Great Lakes Consortium awards time on Blue Waters supercomputer

07.06.17 -

The Blue Waters supercomputer at the National Center for Supercomputing Applications (NCSA) at the University of Illinois at Urbana-Champaign benefits the scientific community in innumerable ways. Researchers can use the most powerful high performance computing system for fully open research through a few doorways, including the Great Lakes Consortium for Petascale Computation (GLCPC) allocations.

Member institutions of the GLCPC include universities and colleges, national laboratories, the Southeastern Universities Research Association, educational foundations, and K-12 school districts who are developing educational and workforce development programs to help realize the full potential of petascale computing.

Nine research teams are awarded computational time, storage and support on Blue Waters this year through this peer-reviewed allocation method, including projects that map and model the vegetation of the Great Lakes Basin; simulating the atmosphere during and after a wildfire; and using a framework to look at potential policy responses to climate change. The nine teams will use approximately 4.6 million node hours (about 147 million core hour equivalents) from now until May 31, 2018.

The GLCPC consortium has been part of the Blue Waters project for the past nine years and makes annual peer-reviewed allocations on the Blue Waters supercomputer to research projects from GLCPC member institutions.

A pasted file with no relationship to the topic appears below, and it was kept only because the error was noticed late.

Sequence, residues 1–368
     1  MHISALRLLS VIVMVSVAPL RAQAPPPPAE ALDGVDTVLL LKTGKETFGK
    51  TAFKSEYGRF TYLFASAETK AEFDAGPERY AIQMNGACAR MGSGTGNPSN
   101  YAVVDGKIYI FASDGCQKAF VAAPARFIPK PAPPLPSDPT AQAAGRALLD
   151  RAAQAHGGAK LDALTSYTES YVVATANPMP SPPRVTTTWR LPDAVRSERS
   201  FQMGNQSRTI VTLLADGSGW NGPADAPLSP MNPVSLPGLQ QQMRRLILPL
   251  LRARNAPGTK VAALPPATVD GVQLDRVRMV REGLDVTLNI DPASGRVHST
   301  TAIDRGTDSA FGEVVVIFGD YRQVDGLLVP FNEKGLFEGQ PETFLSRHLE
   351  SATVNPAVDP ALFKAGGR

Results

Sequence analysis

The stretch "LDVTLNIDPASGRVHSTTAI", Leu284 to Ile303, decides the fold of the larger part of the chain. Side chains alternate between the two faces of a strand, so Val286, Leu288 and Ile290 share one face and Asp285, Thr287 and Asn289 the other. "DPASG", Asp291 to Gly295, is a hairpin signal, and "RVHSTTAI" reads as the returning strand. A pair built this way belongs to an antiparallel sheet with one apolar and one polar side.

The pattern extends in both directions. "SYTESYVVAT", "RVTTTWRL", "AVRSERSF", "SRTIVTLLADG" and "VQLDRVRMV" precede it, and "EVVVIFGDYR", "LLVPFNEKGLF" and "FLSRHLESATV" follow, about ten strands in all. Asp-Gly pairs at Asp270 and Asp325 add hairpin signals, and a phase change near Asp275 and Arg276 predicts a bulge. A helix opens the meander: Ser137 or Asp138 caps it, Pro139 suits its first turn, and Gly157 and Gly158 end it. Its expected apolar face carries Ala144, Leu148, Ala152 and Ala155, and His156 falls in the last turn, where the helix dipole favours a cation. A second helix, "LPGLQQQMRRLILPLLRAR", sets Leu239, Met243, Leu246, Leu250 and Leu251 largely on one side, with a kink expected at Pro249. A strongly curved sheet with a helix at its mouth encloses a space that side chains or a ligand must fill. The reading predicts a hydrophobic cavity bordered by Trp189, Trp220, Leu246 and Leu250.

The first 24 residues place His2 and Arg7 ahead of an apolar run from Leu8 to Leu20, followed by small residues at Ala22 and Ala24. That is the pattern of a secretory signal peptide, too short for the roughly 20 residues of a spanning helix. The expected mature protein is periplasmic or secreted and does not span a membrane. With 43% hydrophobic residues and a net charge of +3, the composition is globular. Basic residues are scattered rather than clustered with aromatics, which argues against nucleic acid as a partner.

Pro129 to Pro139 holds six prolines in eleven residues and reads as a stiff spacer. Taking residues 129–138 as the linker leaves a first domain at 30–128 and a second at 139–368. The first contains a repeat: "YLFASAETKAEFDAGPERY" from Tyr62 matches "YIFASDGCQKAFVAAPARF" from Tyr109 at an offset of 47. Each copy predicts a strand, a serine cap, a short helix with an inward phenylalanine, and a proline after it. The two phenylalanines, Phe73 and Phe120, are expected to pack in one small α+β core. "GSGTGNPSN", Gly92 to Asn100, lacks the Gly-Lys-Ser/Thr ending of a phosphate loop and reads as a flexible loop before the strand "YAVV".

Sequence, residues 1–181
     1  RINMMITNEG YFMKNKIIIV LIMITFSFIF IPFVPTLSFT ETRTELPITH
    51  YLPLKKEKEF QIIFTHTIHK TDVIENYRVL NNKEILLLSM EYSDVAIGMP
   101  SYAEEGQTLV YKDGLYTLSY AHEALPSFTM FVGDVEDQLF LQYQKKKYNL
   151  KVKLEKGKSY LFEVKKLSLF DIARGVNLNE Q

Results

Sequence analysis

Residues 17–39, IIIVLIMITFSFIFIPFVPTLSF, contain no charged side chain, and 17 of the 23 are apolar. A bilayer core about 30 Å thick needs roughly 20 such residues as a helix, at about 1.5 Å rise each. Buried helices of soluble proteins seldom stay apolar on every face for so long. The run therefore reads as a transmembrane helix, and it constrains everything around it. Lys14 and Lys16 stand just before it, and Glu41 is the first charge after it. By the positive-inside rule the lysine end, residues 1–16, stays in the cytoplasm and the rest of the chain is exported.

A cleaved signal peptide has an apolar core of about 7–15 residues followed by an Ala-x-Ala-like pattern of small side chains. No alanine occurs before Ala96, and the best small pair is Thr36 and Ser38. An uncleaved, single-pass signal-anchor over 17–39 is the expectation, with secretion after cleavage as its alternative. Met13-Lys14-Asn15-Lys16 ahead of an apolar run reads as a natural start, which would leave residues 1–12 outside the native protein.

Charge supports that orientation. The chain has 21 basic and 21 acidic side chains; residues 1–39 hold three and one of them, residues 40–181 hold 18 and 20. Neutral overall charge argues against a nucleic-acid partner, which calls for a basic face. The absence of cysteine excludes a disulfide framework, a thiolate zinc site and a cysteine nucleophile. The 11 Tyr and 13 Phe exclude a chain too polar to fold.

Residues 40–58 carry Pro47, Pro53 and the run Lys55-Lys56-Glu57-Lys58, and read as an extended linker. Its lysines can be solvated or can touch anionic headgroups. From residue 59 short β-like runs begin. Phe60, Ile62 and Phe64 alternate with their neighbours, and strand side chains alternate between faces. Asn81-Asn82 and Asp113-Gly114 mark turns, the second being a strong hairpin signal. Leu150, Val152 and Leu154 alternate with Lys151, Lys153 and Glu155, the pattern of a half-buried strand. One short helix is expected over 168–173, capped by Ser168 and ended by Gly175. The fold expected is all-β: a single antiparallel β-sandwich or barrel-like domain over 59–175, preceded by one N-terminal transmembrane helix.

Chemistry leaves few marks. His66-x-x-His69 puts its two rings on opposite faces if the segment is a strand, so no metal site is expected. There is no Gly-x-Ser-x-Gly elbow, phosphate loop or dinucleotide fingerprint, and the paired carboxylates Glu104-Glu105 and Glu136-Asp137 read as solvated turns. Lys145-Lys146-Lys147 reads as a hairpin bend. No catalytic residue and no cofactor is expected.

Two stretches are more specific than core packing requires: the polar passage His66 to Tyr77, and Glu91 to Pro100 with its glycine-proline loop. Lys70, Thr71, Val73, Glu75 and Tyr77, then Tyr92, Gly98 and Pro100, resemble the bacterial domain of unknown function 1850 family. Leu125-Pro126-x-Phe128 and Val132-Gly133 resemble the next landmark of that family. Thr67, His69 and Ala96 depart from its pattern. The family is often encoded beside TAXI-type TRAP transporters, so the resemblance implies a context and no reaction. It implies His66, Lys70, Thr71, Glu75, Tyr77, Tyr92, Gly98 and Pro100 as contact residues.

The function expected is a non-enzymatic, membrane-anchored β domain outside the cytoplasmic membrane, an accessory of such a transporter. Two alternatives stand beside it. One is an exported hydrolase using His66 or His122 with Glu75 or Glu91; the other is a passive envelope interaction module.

Full list of 2017-18 projects and investigators:

To see all current Blue Waters projects, visit: https://bluewaters.ncsa.illinois.edu/science-teams.

For more information on the GLCPC, visit: http://www.greatlakesconsortium.org/.

About NCSA

The National Center for Supercomputing Applications (NCSA) at the University of Illinois at Urbana-Champaign provides supercomputing and advanced digital resources for the nation’s science enterprise. At NCSA, University of Illinois faculty, staff, students, and collaborators from around the globe use advanced digital resources to address research grand challenges for the benefit of science and society. NCSA has been advancing one third of the Fortune 50 for more than 30 years by bringing industry, researchers, and students together to solve grand challenges at rapid speed and scale.

About NCSA's Blue Waters project

NCSA's Blue Waters petascale supercomputer is one of the most powerful supercomputers in the world, and is the fastest supercomputer on a university campus. Blue Waters uses hundreds of thousands of computational cores to achieve peak performance of more than 13 quadrillion calculations per second. Blue Waters has more memory and faster data storage than any other open system in the world. Scientists and engineers across the country use the computing and data power of Blue Waters to tackle a wide range of challenges. Recent advances that were not possible without these resources include computationally designing the first set of antibody prototypes to detect the Ebola virus, simulating the HIV capsid, visualizing the formation of the first galaxies and exploding stars, and understanding how the layout of a city can impact supercell thunderstorms.

National Science Foundation

Blue Waters is supported by the National Science Foundation through awards ACI-0725070 and ACI-1238993.